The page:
As of 2018, cross-border families planning an estate will require an investment plan meeting relevant rules to domicile, succession, generation-skipping transfer, and gift tax laws in each country where distribution will occur at the time of a decedent’s death. International estate planners use investment techniques specific to cross-border transfers and enforceable transfer tax situs rules, domestic and foreign credits, and treaties where they may apply.
Recent Domestic Tax Reforms
U.S. federal Internal Revenue Service (“IRS”) tax law reforms in 2018, have modified estate and gift tax lifetime exclusion amounts for:
- Individuals: $11.2 million personal lifetime exemption;
- Couples: $22.4 million-per-couple lifetime exemption;
- Interspousal transfers: unlimited tax-exemption for gifts and bequests transferred between citizen spouses during their lifetime(s) and upon death;
- Surviving spouse portability: where first-to-die spouse’s exemption amount transfers to the second-to-die spouse.
Ask a licensed estate law attorney about filing an IRC 18.104.22.168 (08-05-2016) Estate Tax Return Filing Requirements for Estates with International Issues.
Rules of Domicile
Domicile rather than residence is basis to jurisdiction under federal law and state laws of estate and trust transfer. Transfer tax implications of an expatriate’s (or non-U.S. person’s) domicile depend on applicability of an estate tax treaty between the U.S. and a foreign country of domicile, residence, and/or citizenship; and availability of tax credits in those relevant jurisdictions where taxes may be levied.
Rules of Situs
The IRS considers situs (site) of cross-border estate assets and transfer taxation. General situs guidelines for estate tax exposure consider the following U.S. situs assets: business Investment Funds, money market funds or cash in a brokerage account, qualified retirement plans funded by a U.S. employer, real property, tangible property, stocks issued by a U.S. corporation (including those certificates held abroad), privately offered bond debt instruments, and life Insurance and annuities. Intangible property transfers can be more complicated. For example, an asset may be categorized as a non-U.S. situs asset for gift-tax purposes, and a situs asset for estate tax purposes.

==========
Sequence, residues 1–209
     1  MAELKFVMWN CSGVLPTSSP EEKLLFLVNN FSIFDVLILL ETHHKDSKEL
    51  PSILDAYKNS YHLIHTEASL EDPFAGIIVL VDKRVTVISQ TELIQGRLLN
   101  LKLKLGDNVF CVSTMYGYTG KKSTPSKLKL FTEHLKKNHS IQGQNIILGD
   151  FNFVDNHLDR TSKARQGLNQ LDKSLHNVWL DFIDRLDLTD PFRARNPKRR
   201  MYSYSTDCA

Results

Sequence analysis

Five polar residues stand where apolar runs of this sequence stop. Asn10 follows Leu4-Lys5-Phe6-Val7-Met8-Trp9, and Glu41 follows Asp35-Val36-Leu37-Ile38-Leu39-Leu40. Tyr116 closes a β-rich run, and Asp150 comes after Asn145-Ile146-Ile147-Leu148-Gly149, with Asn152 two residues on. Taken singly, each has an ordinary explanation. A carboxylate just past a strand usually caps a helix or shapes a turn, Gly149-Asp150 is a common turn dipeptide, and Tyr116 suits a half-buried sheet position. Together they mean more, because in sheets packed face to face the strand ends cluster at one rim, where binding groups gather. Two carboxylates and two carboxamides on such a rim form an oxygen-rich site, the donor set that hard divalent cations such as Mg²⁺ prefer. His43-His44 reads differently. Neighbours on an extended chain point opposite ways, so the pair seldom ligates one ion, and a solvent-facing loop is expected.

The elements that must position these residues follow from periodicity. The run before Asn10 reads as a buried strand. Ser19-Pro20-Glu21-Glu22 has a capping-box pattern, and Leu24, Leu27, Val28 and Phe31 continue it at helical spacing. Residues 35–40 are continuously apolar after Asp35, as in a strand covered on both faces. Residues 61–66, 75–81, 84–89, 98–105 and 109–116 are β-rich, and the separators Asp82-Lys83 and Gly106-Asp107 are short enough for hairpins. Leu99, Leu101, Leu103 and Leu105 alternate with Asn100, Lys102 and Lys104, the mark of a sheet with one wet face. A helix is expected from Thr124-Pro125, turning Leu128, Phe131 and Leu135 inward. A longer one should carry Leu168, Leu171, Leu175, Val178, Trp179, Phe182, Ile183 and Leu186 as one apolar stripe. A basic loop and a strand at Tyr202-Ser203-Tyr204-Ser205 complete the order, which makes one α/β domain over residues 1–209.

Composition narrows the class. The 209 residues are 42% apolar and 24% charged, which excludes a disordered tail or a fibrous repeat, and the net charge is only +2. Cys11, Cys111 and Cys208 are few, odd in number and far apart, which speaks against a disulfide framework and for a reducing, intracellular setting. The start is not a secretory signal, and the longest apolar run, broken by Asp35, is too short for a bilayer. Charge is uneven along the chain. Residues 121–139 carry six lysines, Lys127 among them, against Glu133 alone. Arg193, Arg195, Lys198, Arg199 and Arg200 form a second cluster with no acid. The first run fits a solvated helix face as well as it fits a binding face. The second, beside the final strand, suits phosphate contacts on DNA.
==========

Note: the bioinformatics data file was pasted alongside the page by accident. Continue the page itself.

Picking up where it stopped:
Estate Tax Treaties and Foreign Tax Credits
The U.S. is signatory to estate and/or gift tax treaties with sixteen foreign countries. The treaties serve to determine transfer taxation of assets held within the cross-border estates and provide reciprocal rules to prohibition of discriminatory tax treatment and double taxation. Where no treaty exists, foreign transfer tax credits may still offer alleviation from double taxation (26 U.S. Code § 2014 Credit for foreign death taxes).
Rules of Succession
Rules of succession and forced heirship found in foreign civil law jurisdictions like continental Europe and Latin America, are analogous to U.S. federal common law rules of intestate succession guiding distribution of a decedent’s wealth at time of death. Distinct from domestic estate law rules of tax-exemption for heirs and beneficiaries, civil law succession regimes generally impose an inheritance tax on distributions.
New York Estate Law Attorney
International estate planning advisory guides the formation of an estate or trust where transfer tax situs rules, domestic and foreign credits, and treaties apply. When planning an estate, a licensed estate planning attorney will assist a client in making decisions about cross-border transfer of assets and other tax-related matters involving beneficiaries. Ettinger Law Firm is a licensed New York attorney practice with experience in international estate law planning and probate litigation. Contact Ettinger Law Firm for an estate planning consultation.
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